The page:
A great line in the press release that comes with this third full album from Espers. “The band attempted to create something that would be perhaps cheery at times,” it reads, “though that mark may have been missed.”

A great line in the press release that comes with this third full album from Espers. “The band attempted to create something that would be perhaps cheery at times,” it reads, “though that mark may have been missed.”

“Cheery” is certainly stretching it, but from the start of “III”, it seems like Espers, historically one of the most dirge-favouring – and, just maybe, one of the best – of the acid-folk revivalists , have changed tack a little. “I Can’t See Clear” has a relatively mournful atmosphere – Meg Baird’s lovely voice makes that fairly inevitable – but there’s something akin to jauntiness in the way the song progresses. More of a waltz than a jig, a new lightness of touch is fractionally palpable, a sense that Espers are partially emerging, blinking, from their Philadelphia hedge.

On his last solo album, “The Hive”, Espers pivot Greg Weeks turned in a typically funereal version of Madonna’s “Borderline”. Apparently, it was originally planned for an Espers record, but didn’t fit into the aesthetic which was forming. Now “III” is here, you can see why. The hazy folk moods are generally recognisable; the fuzzy, needling riffs from Brooke Sietinson retain that courtly, beguiling take on psychedelia; Baird and Weeks remain an engagingly doleful twin focus.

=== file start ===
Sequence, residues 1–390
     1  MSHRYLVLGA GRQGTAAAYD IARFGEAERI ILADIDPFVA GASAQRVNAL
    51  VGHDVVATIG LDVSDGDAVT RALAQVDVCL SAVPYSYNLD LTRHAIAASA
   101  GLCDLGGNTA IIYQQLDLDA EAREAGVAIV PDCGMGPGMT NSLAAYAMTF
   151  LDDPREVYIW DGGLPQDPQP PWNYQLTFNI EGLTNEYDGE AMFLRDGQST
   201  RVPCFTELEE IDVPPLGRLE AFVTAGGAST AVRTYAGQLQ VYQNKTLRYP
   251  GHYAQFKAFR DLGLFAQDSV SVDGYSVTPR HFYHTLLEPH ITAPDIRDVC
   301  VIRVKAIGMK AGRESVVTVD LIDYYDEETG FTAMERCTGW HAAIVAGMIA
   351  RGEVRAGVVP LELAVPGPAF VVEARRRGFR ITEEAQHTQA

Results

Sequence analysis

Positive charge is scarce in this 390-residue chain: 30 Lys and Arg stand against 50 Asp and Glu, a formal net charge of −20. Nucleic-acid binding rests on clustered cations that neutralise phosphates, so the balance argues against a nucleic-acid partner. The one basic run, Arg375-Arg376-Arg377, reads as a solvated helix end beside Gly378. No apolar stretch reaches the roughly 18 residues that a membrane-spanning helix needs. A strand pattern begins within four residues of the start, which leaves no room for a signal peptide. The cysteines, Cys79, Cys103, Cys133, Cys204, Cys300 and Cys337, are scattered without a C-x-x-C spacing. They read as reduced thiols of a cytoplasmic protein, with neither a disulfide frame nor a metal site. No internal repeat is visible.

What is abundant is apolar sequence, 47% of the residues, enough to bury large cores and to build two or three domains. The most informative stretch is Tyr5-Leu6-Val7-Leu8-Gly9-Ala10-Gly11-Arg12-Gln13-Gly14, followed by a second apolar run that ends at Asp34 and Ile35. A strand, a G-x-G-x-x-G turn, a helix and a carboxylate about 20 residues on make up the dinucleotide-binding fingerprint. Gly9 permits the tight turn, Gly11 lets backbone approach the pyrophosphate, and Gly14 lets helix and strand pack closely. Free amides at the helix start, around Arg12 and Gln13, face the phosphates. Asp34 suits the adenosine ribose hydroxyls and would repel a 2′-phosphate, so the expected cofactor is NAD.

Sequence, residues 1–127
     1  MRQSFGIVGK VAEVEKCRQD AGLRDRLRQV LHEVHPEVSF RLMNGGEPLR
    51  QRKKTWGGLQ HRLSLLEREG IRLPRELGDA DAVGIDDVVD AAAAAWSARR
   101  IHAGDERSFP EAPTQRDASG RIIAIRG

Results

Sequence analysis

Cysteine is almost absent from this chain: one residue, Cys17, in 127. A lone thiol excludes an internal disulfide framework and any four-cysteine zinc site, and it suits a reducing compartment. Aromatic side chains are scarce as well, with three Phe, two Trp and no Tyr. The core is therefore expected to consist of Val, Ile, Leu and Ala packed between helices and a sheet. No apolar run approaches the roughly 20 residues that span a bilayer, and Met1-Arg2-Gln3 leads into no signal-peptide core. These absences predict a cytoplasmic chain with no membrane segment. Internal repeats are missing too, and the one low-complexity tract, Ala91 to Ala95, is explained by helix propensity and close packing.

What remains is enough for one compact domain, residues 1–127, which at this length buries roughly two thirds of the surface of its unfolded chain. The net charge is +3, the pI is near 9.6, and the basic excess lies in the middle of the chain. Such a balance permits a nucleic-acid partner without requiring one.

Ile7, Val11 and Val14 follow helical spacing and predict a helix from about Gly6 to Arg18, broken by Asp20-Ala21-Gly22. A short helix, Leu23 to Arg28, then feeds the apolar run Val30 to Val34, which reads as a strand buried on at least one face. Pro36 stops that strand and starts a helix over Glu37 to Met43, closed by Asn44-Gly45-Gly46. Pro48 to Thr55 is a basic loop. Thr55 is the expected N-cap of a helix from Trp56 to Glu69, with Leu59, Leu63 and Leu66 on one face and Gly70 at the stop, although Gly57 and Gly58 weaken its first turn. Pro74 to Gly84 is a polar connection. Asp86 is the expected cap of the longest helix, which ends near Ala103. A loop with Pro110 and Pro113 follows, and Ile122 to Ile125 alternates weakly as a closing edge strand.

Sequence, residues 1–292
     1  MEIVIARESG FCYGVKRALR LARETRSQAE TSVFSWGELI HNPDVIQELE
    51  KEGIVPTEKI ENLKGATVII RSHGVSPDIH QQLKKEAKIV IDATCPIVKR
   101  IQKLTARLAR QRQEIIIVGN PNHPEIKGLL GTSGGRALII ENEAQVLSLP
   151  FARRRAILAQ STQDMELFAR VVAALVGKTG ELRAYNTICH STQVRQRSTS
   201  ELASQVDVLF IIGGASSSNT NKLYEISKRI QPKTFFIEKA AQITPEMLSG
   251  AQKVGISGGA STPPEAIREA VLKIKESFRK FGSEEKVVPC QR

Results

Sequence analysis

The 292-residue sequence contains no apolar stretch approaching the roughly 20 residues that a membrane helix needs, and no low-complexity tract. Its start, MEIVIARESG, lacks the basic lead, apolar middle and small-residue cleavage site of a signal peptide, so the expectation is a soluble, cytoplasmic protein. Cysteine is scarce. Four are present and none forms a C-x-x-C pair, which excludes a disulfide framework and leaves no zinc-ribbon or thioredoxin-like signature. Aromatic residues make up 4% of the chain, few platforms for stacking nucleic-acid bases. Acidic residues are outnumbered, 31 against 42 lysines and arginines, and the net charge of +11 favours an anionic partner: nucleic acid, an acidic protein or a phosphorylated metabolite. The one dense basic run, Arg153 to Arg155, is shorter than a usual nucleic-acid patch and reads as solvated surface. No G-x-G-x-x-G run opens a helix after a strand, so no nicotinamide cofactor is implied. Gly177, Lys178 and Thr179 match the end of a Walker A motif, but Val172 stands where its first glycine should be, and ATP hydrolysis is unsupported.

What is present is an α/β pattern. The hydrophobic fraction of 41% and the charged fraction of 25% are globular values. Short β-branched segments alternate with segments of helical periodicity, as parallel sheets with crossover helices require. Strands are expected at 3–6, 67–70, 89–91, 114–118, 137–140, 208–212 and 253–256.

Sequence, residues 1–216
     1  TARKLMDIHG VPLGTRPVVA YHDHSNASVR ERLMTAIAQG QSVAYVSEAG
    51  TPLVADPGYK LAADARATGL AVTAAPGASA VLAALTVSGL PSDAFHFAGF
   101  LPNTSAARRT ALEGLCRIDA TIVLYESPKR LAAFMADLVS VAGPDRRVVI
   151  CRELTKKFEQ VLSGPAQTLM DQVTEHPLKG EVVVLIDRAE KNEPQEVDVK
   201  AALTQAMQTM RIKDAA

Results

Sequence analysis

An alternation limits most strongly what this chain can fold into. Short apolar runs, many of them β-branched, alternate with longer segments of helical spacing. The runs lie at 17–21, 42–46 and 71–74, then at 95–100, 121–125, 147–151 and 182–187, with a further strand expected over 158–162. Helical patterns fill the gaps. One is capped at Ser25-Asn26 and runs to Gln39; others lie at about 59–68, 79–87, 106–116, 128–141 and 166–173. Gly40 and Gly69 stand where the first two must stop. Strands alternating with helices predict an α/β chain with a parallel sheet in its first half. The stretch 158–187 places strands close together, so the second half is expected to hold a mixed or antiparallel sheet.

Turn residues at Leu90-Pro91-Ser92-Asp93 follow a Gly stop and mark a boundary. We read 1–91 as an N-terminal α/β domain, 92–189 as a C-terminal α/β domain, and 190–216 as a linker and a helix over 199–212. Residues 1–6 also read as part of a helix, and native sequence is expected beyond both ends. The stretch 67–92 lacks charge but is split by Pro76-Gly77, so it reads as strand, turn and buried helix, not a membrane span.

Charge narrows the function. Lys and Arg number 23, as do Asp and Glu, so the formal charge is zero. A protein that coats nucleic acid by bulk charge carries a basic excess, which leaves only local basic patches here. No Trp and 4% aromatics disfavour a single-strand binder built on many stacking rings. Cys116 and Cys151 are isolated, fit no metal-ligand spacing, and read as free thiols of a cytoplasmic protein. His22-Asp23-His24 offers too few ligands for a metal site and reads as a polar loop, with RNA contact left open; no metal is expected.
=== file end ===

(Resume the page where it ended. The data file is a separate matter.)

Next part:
But mostly, the drones have been dropped, so that these songs move at, relatively speaking, a new clip. It’s probably a clever move; in that piece on “The Hive” linked in the previous paragraph, I mentioned how reductive their dronefolk schtick could be; one more album fully committed to that style and maybe Espers could’ve started turning into a kind of hipster All About Eve. Nevertheless, the first half-dozen or so plays of “III” suggest that, while it’s a frequently terrific album, it’s not quite in the same class as “II”, that it’s missing a little of that sustained intensity.

Perhaps I’m fussing too much. “III” is a hugely airy and beguiling album, beautifully sequenced: a current favourite passage runs from the prickly, psychedelic instrumental coda of “The Road Of Golden Dust”, through the sparkling duet, “Caroline”, into the Baird-fronted “The Pearl”, a song much in the same, Linda Perhacs-esque vein as the outstanding “Riverhouse In Tinicum” from her solo album, “Dear Companion”.

“That Which Darkly Thrives” seems to revert to the gloomy style of “II”, as the title might suggest. But then, the drummer – I’m not sure whether it’s still Otto Hauser – starts playing a kind of breakbeat, of all things, which subtly tips the song off its more predictable axis. “III” is full of nice, clever touches like this. The whole album, the way the strings and guitars are augmented by delicately burbling old keyboards (an analogue to “The Hive”, this), is familiar but refreshed. When they roll into “Another Moon Song”, it even seems as if Espers have taken their traditionally dolorous vibes, their faintly menacing Mellotron, and stuck them onto something like a blues progression, albeit a musty, quasi-medieval one.

Then “Colony” starts, and it sounds like it could’ve sat very moodily and effectively on “II”. Possibly some over-nuanced distinctions in this preview, I’m beginning to suspect…